There may be confusion and altered mental status.
Causes and risk factors of Legionnaires' disease
The Legionella bacteria exist in rivers, lakes and other places with fresh water, but numbers are usually low because the water temperature in such places is too low for the bacteria to multiply rapidly.
Legionnaire's disease resembles pneumonia, and it can be fatal.
In artificial water systems, however, water temperatures may be higher. Temperatures between 20 degrees and 45 degrees Celsius, or from 68 degrees to 113 degrees Fahrenheit, can be ideal for the bacteria to multiply rapidly and spread. This can infect major parts of the water system.
An ideal environment for the bacteria to reproduce and spread rapidly has not only the right temperature, but it also provides the right food. Impurities, such as algae, sludge, rust, and lime scale are types of food for this sort of bacteria.
Hotels, hospitals, and large buildings can provide the ideal environment, if they have an air-conditioning system that uses water for cooling.
Other types of artificial water systems that can potentially become contaminated include fountains, baths, showers, water taps, gardening sprinklers, spas, and humidifiers.
People at the highest risk of developing Legionnaires' disease tend to be over 50 years of age.
Those with respiratory problems, including smokers, patients with chronic obstructive pulmonary disease (COPD) and those with lung cancer, are more susceptible.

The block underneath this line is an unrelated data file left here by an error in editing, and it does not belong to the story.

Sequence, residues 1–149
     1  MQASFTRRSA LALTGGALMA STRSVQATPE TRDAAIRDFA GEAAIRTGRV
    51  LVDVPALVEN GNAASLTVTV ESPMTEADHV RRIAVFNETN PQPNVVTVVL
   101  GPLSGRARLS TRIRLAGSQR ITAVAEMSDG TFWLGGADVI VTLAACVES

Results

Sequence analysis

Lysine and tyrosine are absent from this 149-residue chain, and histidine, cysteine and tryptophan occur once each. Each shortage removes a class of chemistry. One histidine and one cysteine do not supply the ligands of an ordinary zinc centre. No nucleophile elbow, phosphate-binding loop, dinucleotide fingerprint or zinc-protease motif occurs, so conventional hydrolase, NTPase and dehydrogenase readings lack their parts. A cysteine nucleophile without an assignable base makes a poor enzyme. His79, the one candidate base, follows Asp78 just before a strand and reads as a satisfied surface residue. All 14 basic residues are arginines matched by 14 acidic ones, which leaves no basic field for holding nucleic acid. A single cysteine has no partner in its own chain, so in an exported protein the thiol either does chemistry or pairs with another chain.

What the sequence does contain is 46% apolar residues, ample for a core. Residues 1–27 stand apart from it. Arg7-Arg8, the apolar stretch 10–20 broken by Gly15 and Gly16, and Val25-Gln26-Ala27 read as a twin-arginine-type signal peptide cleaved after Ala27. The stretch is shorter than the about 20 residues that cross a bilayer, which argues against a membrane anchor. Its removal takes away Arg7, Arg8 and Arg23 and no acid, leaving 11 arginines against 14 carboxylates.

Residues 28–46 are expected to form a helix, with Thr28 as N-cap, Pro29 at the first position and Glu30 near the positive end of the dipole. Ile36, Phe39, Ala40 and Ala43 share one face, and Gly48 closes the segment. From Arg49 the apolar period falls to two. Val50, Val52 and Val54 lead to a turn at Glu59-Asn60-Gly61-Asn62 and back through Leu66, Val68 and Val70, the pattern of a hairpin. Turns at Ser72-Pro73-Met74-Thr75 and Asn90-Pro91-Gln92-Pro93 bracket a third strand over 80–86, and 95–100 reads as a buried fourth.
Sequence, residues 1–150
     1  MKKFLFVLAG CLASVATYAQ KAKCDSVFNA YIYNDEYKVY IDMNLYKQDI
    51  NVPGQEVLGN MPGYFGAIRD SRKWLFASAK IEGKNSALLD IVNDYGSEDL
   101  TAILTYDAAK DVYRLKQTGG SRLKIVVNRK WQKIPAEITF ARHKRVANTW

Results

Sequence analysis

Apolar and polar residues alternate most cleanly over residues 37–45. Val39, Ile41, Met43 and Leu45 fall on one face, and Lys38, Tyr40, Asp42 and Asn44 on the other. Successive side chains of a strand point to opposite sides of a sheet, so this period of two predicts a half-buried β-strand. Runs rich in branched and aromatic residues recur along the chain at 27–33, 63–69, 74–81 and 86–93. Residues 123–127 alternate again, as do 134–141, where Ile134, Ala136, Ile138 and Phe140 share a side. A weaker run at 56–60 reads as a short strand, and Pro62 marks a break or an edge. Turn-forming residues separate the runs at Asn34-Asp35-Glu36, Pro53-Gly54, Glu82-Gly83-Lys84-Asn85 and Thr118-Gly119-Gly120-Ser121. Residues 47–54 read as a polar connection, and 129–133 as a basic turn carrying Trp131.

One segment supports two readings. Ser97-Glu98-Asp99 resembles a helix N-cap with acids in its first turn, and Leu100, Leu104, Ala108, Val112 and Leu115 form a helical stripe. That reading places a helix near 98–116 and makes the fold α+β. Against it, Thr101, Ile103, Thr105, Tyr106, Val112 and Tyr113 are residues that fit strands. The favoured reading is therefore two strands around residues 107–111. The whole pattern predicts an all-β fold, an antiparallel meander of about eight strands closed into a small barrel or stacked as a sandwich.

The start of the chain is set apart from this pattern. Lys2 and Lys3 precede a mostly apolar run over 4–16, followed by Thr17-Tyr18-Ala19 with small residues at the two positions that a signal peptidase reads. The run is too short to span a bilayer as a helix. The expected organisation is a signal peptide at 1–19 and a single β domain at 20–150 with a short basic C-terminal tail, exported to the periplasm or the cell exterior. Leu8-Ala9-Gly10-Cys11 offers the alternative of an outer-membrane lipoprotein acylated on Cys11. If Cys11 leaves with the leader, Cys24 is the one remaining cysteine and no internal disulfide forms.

Heavy alcohol consumption increases the chance of having the disease, and one study has suggested that using cannabis may increase susceptibility.
How is Legionnaires' disease diagnosed?
Physicians will look at the patient's signs and symptoms, and ask whether they have recently spent time in a large building such as a hotel or hospital.
Other tests that can help to detect the disease include:
- Urine test to detect antigens, the special proteins produced by the immune system to fight the Legionella bacteria
- Blood tests
- Imaging scans to check the state of the kidneys and lungs
- A lumbar puncture, or spinal tap, can reveal whether the disease has affected the brain.
Treatment for Legionnaires' disease
Treatment typically involves antibiotics, given by mouth or intravenously. A course of antibiotics normally lasts between 10 and 14 days. Adverse effects may include nausea, dizziness, headaches, loss of appetite, and chest pains.
Some patients may receive intravenous fluids to prevent dehydration.
Older patients and those with a weak immune system or another chronic condition, such as diabetes, may be hospitalized.
If the lungs are badly affected, the patient will be given oxygen.
Complications of Legionnaires' disease
Respiratory failure can occur, in which the body does not get enough oxygen from the lungs to function properly.
Kidney failure is possible, due to an accumulation of fluids and waste in the blood.
Septic shock can occur if the infection reaches the blood. A sudden drop in blood pressure means that insufficient blood will reach the vital organs, including the brain and the kidneys.
Preventing Legionnaires' disease
Water systems must be properly maintained to prevent Legionnaires' disease.
The water must be kept below 20 degrees Celsius or 68 degrees Fahrenheit, or above 60 degrees Celsius or 140 degrees Fahrenheit. Impurities should not be allowed to build up in the water.
Owners and managers are urged to follow guidelines regarding water safety in commercial buildings. The Centers for Disease Control and Prevention (CDC) state that most cases that occur could be prevented through better water management.